SAN DIEGO -- Enrique Resendez had been to Petco Park before; his family used to have Padres season tickets. He'd been on the field before; he ran the bases after a game once. But he never had a day in the park like Saturday.Resendez was one of 20 boys and
SAN DIEGO -- Enrique Resendez had been to Petco Park before; his family used to have Padres season tickets. He'd been on the field before; he ran the bases after a game once. But he never had a day in the park like Saturday.
Resendez was one of 20 boys and girls who competed in the Scotts Pitch, Hit & Run competition at Petco Park on Saturday, winning the age-13/14 baseball division.
"It was surreal," Resendez said. "What an experience."
Saturday's other winners were Rylen Eastlack (7/8 softball), Mya Bartlett (9/10 softball), Michelle Kramer (11/12 softball), Kylie Romero (13/14 softball), Lukas Waite (7/8 baseball), AJ Curry (9/10 baseball) and Kurt Felix (11/12 baseball).
The competitors were judged on their ability to throw strikes, hit off a tee and run on a second-to-home setup in Petco Park's left-field corner. The winners of each division will be compared to winners from the other 29 clubs, with the top three scores of each advancing to the finals during All-Star Week in Miami. The finalists will be announced June 26 on MLB Network.
"It's a great opportunity for kids to come out and show off their individual skills in a non-team setting," said Matt Engleka, a Pitch, Hit & Run representative. "It really highlights those kids that may have for the first time picked up a bat and ball at the grassroots levels and gives them the opportunity to advance through the competition to get here to Petco Park."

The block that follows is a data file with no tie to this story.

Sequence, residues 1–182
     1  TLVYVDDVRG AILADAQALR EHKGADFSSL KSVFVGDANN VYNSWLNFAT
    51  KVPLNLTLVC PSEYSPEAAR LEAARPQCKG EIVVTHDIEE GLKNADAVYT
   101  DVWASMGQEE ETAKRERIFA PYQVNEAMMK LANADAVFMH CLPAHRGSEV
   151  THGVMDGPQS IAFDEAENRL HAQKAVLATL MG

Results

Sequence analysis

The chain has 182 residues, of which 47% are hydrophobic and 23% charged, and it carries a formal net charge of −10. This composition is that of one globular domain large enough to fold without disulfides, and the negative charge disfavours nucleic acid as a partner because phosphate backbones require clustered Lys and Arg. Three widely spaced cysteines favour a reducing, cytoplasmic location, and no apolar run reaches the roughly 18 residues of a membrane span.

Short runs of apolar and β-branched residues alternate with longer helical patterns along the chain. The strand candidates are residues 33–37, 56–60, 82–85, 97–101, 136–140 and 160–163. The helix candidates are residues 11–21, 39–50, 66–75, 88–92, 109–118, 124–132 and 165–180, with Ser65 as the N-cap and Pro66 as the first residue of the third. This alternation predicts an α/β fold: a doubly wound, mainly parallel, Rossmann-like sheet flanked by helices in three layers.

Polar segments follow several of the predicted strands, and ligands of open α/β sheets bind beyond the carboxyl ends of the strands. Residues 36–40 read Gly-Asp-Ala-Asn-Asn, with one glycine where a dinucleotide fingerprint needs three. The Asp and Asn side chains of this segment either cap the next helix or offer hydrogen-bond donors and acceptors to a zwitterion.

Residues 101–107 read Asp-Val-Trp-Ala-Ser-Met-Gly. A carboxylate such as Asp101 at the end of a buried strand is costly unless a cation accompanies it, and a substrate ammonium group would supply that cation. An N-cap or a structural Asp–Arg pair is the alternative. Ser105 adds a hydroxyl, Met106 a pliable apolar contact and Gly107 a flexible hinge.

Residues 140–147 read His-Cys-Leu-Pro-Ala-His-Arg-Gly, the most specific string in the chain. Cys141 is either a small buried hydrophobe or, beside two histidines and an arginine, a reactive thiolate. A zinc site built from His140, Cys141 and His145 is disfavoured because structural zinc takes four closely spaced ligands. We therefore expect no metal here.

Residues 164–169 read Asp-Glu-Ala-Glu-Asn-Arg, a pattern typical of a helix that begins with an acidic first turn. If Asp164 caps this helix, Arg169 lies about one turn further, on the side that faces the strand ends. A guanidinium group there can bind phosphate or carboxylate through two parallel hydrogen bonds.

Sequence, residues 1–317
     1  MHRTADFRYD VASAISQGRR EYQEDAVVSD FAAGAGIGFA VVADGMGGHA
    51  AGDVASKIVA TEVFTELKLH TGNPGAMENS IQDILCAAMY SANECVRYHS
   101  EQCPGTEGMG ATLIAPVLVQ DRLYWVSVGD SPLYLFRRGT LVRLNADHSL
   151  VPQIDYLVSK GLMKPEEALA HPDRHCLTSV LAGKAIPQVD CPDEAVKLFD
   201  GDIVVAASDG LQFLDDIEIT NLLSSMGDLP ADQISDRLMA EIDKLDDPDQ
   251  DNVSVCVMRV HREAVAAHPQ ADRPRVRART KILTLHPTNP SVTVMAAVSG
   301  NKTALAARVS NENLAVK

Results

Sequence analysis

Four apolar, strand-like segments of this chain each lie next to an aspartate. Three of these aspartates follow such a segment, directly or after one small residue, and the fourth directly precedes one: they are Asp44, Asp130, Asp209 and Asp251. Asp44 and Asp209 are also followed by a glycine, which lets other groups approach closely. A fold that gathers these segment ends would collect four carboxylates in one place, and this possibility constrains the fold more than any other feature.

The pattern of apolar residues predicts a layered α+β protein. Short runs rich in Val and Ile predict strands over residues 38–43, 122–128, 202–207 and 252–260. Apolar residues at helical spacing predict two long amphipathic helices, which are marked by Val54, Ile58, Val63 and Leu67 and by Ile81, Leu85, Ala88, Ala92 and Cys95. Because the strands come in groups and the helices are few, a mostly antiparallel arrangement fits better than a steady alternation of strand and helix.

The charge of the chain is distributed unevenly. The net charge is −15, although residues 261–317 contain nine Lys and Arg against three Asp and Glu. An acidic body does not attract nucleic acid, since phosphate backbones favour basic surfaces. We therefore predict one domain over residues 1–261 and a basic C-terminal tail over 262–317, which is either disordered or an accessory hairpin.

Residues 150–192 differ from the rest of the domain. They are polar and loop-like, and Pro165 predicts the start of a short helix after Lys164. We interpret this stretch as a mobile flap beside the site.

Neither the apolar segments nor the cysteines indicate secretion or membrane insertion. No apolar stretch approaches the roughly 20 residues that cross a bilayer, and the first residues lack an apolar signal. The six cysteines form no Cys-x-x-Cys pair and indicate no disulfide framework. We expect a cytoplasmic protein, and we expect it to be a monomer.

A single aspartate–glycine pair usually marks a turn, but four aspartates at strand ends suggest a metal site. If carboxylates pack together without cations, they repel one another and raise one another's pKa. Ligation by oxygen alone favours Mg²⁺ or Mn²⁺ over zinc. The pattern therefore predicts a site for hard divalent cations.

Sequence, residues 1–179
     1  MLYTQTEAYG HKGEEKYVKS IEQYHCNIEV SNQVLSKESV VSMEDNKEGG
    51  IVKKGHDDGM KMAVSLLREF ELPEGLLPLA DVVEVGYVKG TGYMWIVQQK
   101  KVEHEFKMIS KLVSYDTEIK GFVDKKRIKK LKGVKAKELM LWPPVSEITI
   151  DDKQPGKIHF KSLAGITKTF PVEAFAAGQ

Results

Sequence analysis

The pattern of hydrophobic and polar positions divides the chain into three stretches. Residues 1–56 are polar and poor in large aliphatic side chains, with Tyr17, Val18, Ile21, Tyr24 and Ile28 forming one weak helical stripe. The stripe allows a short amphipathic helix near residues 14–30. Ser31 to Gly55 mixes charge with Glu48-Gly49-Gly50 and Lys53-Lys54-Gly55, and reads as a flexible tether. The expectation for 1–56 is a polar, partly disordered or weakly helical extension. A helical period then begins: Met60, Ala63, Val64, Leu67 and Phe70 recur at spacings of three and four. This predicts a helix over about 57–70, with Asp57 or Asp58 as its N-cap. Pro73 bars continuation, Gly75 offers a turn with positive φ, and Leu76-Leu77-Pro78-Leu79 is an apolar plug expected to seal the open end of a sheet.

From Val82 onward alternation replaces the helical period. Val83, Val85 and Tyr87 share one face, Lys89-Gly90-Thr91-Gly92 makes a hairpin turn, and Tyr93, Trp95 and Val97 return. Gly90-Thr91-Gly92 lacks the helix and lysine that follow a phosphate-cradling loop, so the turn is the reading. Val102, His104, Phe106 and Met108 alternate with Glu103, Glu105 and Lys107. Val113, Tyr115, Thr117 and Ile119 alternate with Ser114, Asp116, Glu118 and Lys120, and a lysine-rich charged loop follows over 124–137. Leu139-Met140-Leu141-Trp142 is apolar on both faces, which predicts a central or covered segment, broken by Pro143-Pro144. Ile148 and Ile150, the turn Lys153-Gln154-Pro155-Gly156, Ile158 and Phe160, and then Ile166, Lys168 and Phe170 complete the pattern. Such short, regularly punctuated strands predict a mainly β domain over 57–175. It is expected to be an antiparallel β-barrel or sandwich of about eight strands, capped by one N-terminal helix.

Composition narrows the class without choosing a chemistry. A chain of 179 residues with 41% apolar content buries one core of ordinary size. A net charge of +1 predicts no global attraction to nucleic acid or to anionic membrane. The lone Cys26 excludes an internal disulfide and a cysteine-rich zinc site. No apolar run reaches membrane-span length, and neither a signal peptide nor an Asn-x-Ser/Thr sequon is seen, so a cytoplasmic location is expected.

Before the event began, some fathers and daughters scattered around Petco Park's southern gates to play catch. Boys practiced their swings, envisioning the tee and opportunity that would soon be in front of them; some men did, too, their reasoning less clear. Other assembled family members dealt with an early-morning light rain.
Once on the field, the competitors shared stories about their favorite positions and teams. As the hitting competition started, three boys discussed their goal of hitting the ball the farthest, not the hardest, an early debate over launch angle and exit velocity.
Resendez, a 14-year-old from San Diego, towered over the rest of the field. About six feet tall, he's always been the tallest in pictures, he said, and that was no different at Petco Park, as some of the younger competitors were about half his height.
His favorite event is hitting, though he favors pitching when in a game. Resendez's height might have detracted from his running; he was worried he was too slow to take home first. "I didn't think I was going to win," he said. "Now I have a chance to go to Miami."
Other competitors weren't so lucky, but the day was special for them all the same.
"The best part for us is seeing the expression on the kids' faces when they get to walk out onto the field," Engleka said. "Some of these kids have never been to a Major League Baseball game before, never been to a Major League park, and now, here they are for their achievements along the way. The smiles on their faces, when they light up when they see this place, it's just unbelievable. They're basically on the same field [that] their idols are."
Pitch, Hit & Run, the official youth skills competition of Major League Baseball, invites kids to demonstrate their pitching, hitting and running abilities in baseball and softball. The competition coincides with this weekend's Play Ball initiative between Major League Baseball, USA Baseball and USA Softball, which encourages widespread participation in all forms of baseball/softball activities among all age groups, especially youth. The initiative also provides players, parents and coaches with resources to help find events and leagues, as well as proper play information and instruction, through playball.org.
Nathan Ruiz is a reporter for MLB.com based in San Diego.